Thursday, November 17, 2011

The Particular Sadness of Lemon Cake

The Particular Sadness of Lemon Cake
Amiee Bender
297 pages
Publisher: Doubleday
Source: library

You can read the Goodreads summary here.

When Rose is a child she discovers she can taste emotions in her food.  When her mother cooks her a birthday cake, she can feel her mother's sadness and depression in every bite.  Mass produced junk food tastes metallic, like a factory.  Her best friend's lunch sandwiches taste like the love her best friend's mother has when making them.

This was one of the strangest books I've read all year.  You might think that's because Rose has the ability to taste the emotion of the cook in the food she eats, but that wasn't what struck me as the strangest part of the book.  I really enjoyed that aspect of the novel, actually.  I loved reading about Rose dealing with her newfound ability, how she dealt with it at school, and her trips to the nurse and emergency room because of it.  No, what I thought was really strange was the direction the novel had in the second half, where it focused more on Rose's brother, Joseph.  I could tell you about that, but that would totally ruin the book.  I couldn't figure out what was up with Joseph until the very last chapter.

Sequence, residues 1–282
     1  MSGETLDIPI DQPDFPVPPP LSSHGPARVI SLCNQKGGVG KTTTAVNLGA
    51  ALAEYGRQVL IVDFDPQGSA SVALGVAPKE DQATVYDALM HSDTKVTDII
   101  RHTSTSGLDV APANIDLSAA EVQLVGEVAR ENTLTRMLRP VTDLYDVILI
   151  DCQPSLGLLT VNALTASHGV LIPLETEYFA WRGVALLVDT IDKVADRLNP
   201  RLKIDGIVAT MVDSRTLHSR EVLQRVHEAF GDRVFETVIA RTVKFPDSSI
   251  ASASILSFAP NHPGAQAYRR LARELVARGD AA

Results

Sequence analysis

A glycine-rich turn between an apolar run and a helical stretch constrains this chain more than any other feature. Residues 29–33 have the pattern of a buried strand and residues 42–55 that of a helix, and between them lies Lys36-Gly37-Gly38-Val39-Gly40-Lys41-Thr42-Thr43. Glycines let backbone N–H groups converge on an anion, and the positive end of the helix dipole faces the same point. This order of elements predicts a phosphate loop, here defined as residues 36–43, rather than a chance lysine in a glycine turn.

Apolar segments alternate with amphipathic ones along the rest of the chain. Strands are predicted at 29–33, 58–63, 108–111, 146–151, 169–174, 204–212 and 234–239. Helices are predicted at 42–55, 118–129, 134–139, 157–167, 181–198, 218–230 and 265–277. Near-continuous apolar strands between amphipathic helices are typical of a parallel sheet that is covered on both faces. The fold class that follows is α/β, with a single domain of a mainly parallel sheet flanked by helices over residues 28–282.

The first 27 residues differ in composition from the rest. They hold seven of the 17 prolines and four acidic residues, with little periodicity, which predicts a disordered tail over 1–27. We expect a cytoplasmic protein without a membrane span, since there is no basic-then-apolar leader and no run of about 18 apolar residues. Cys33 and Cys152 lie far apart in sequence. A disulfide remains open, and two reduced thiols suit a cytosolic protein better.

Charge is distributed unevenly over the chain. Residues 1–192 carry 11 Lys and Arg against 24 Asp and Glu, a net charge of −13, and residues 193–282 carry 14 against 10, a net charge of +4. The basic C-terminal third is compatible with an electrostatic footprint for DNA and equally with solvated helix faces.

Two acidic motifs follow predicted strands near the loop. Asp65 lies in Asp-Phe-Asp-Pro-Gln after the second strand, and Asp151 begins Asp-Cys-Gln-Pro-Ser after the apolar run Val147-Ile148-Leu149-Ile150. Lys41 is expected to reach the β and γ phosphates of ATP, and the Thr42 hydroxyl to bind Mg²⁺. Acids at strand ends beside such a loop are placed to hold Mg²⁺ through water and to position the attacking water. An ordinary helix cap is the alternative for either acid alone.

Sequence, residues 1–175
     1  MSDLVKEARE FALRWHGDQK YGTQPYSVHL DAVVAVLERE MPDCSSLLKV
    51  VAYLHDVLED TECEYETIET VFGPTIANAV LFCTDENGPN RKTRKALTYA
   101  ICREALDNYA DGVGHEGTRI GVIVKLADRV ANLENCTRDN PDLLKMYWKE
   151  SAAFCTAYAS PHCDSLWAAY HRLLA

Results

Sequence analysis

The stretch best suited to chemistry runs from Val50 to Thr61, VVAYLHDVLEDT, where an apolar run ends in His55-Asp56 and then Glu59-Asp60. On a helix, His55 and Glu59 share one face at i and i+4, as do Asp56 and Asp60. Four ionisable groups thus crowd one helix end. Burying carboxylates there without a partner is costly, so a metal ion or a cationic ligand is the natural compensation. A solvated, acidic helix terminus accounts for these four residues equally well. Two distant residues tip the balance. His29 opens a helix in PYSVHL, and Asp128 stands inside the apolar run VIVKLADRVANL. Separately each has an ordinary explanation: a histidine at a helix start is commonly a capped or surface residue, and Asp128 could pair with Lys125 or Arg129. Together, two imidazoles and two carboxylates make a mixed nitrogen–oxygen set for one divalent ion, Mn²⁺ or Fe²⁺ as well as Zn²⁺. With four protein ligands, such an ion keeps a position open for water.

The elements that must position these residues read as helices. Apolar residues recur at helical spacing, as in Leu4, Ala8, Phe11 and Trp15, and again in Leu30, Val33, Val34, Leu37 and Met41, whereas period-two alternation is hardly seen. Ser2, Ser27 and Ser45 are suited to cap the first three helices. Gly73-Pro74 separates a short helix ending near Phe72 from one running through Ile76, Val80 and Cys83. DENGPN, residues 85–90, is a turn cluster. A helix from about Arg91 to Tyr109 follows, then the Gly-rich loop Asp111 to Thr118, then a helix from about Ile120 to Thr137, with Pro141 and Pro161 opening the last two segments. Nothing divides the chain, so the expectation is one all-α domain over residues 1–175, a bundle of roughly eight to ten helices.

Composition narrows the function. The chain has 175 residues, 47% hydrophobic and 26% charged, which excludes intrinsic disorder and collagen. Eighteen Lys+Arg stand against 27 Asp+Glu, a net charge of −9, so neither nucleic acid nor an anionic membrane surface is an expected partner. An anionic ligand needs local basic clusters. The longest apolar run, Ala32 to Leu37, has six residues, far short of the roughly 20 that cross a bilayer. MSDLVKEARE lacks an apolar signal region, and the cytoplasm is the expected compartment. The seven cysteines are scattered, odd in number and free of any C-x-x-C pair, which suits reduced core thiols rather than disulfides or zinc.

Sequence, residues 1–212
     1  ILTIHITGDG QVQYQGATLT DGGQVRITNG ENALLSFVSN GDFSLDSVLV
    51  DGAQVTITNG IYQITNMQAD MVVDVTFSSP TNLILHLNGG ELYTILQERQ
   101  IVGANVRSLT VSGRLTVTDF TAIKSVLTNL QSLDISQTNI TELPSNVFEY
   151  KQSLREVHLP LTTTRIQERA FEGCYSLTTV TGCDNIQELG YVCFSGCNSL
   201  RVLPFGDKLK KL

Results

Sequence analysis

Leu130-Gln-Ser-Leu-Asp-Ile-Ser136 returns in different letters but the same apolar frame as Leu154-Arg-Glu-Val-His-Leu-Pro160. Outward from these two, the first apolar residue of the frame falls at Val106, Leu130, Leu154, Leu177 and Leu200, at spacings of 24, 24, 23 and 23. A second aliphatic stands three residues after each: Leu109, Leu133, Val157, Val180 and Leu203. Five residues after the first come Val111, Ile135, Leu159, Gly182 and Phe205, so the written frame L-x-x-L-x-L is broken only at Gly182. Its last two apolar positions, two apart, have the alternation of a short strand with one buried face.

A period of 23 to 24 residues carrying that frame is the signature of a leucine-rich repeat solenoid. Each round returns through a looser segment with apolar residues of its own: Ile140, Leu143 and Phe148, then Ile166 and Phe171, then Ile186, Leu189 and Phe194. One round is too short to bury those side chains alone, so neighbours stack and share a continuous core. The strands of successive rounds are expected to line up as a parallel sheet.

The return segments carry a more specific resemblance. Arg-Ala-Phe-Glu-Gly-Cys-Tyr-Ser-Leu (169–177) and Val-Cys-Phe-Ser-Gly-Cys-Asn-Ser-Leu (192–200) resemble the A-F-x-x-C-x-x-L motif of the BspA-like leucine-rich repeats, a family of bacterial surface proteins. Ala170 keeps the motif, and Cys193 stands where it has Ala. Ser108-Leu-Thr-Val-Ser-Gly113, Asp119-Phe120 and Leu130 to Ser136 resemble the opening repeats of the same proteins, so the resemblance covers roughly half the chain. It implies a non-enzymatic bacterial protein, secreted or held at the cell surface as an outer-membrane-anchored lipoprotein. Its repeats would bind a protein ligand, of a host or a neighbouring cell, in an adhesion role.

Stupefied.  I think that's a good word for my feelings when I found out about Joseph.

The premise was good, but I would have liked more background information.  At the end there was a hint of how Rose got her ability but that was never fully explored.  I think that would have made for a much more interesting plot over her brother's, er... ability.  That kind of background probably would have helped explain his "ability" better and made the book much less confusing.

No comments:

Post a Comment

I enjoy reading each and every comment, thanks for leaving them!

Note: Only a member of this blog may post a comment.